Starting today, the 29 West coast ports will undergo a partial shutdown in the latest chess move between union workers and the ports.
SF Gate is reporting that the partial shutdown will not affect items already in port, but trailers that are awaiting docking in port waters. The shutdown will run from Thursday, Lincoln’s Birthday, to Monday, President’s Day.
The Pacific Maritime Association, which represents shipping lines and terminal operators, has refused to pay overtime for holiday or weekend work. The association is claiming the International Longshore and Warehouse Union is intentionally slowing down work in an effort to gain a foot hold in the ongoing contract talks. The two sides have been without an agreement since July of 2014.
Wade Gates, Association spokesman, said “What they’re doing amounts to a strike with pay, and we will reduce the extent to which we pay premium rates for such a strike.”
The association also stopped vessel loading and unloading, adding to the already-increasing tension between the two sides.
Work delays such as these have hindered small business owners and Bay Area importers for the past three months, as their trucks wait for cargo ships do be unloaded so their cargo can be put onto trucks and delivered to numerous warehouses.
The Los Angeles Times is reporting that this latest slowdown is adding to the other slowdowns and starting to cause huge issues for both the association and for the union. Though this doesn’t portend any possible closures for any ports, but the two sides have not held talks about a new contract since Friday, and dockworkers are increasingly fearful of a lockout.
Union President Robert McEllrath said the Association canceled talks Wednesday and accused the shipping companies of curtailing port work “to put economic pressure on our members.” The negotiations have dragged on for nine months. The latest word is, however, that both sides have returned to the negotiation table to resume contract talks today.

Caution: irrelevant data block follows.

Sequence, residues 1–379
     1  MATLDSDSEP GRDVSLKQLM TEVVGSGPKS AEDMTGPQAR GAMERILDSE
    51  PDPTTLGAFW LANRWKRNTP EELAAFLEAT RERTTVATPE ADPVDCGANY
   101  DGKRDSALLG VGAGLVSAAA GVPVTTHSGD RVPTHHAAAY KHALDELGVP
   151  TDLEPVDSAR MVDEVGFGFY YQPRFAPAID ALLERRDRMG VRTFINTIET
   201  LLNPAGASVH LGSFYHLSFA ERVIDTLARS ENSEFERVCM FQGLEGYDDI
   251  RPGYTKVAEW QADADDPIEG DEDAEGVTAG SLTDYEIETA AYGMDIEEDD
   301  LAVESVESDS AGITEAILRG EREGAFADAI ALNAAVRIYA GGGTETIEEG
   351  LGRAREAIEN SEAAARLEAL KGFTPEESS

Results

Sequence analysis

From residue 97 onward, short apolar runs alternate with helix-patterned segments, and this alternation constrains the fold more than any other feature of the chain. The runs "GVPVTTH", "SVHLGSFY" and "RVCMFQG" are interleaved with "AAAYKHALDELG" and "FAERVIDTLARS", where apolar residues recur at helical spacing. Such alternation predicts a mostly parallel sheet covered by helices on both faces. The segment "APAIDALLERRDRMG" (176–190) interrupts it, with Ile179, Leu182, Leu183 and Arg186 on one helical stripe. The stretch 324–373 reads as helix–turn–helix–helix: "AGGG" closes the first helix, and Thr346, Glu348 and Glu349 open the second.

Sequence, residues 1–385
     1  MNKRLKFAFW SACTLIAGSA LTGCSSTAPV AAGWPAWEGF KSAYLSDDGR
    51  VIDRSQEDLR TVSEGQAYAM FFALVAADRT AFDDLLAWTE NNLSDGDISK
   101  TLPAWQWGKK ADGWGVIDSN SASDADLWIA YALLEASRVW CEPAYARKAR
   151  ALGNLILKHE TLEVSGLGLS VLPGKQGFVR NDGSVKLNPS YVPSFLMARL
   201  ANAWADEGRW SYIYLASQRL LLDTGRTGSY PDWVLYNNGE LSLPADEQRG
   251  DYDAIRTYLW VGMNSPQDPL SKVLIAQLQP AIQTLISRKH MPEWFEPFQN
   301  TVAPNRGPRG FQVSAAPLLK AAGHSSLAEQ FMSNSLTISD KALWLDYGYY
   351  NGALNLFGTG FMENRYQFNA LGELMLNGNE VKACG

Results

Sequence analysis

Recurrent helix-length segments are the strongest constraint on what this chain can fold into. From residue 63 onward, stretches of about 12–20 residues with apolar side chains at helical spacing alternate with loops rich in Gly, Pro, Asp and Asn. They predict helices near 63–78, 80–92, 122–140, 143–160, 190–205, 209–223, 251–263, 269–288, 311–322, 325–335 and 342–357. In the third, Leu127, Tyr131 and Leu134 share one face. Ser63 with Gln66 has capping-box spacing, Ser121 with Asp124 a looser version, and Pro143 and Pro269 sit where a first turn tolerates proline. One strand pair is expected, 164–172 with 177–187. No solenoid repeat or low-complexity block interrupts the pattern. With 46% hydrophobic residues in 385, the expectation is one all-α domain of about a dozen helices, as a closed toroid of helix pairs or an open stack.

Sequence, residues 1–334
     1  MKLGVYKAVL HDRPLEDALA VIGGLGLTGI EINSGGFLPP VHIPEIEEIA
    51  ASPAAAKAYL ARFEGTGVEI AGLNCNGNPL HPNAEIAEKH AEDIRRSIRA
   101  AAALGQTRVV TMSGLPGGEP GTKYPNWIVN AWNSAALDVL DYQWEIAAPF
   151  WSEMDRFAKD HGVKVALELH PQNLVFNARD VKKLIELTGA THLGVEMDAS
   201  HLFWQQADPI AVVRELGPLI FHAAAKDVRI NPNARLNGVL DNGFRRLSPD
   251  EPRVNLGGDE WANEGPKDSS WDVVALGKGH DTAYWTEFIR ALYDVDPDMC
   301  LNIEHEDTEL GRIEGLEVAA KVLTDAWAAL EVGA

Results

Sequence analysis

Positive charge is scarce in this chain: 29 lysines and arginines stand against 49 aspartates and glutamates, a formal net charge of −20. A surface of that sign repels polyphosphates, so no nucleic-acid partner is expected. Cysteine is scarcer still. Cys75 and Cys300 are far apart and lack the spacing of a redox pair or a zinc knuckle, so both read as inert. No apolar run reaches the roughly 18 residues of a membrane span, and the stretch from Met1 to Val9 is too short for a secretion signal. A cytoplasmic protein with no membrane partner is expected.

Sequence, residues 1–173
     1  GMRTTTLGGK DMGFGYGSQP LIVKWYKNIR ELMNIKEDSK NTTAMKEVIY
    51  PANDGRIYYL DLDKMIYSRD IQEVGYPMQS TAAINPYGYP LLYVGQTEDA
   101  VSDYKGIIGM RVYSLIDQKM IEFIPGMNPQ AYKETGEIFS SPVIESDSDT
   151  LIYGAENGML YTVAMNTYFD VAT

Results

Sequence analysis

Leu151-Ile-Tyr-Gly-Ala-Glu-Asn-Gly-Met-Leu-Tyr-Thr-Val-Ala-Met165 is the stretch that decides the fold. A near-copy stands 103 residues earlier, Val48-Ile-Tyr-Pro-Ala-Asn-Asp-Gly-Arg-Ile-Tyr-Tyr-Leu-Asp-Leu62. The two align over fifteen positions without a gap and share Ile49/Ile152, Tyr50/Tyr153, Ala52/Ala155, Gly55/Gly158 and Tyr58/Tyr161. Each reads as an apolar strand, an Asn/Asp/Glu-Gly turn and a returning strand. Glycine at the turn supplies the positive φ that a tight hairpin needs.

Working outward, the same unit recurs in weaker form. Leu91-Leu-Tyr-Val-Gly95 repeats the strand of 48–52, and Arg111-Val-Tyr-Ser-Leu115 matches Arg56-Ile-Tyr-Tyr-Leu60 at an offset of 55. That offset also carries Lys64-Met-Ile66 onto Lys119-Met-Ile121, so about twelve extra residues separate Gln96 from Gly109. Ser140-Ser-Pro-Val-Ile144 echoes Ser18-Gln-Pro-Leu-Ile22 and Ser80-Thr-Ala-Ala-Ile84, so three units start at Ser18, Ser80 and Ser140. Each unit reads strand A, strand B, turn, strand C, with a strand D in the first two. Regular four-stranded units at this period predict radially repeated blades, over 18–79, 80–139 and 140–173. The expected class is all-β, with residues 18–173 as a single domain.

Due to the man-made congestion, alternates means, such as rerouting parts and items via airlines have been used, but are much more expensive. Rerouting shipments through eastern ports are just as expensive.
The Los Angeles and Long Beach ports handle roughly 40 percent of total shipments, which account for almost $400 billion worth of goods.
Negotiations are less about pay raises than about safety. The average dockworker makes between $26 to $41 per hour. However, with the amount of supply coming in, workers are constantly faced with crowded and overstocked working areas, which can be dangerous. Many people consider dockworking far more dangerous than police work or firefighting work.
The final sticking point between the Association and the union is the use of arbitrators. Arbitrators are used to settle disputes when a contract is in place. As of now, to remove an arbitrator, both sides must agree to have that arbitrator removed. The union would like to change that to a unilateral decision, either side having the ability.The Association is against such a measure, for they feel that the union would dismiss any arbitrator that previously ruled against the union. The Association feels this would allow the unions to further slow down work on the dock.
[Image courtesy of patch.com]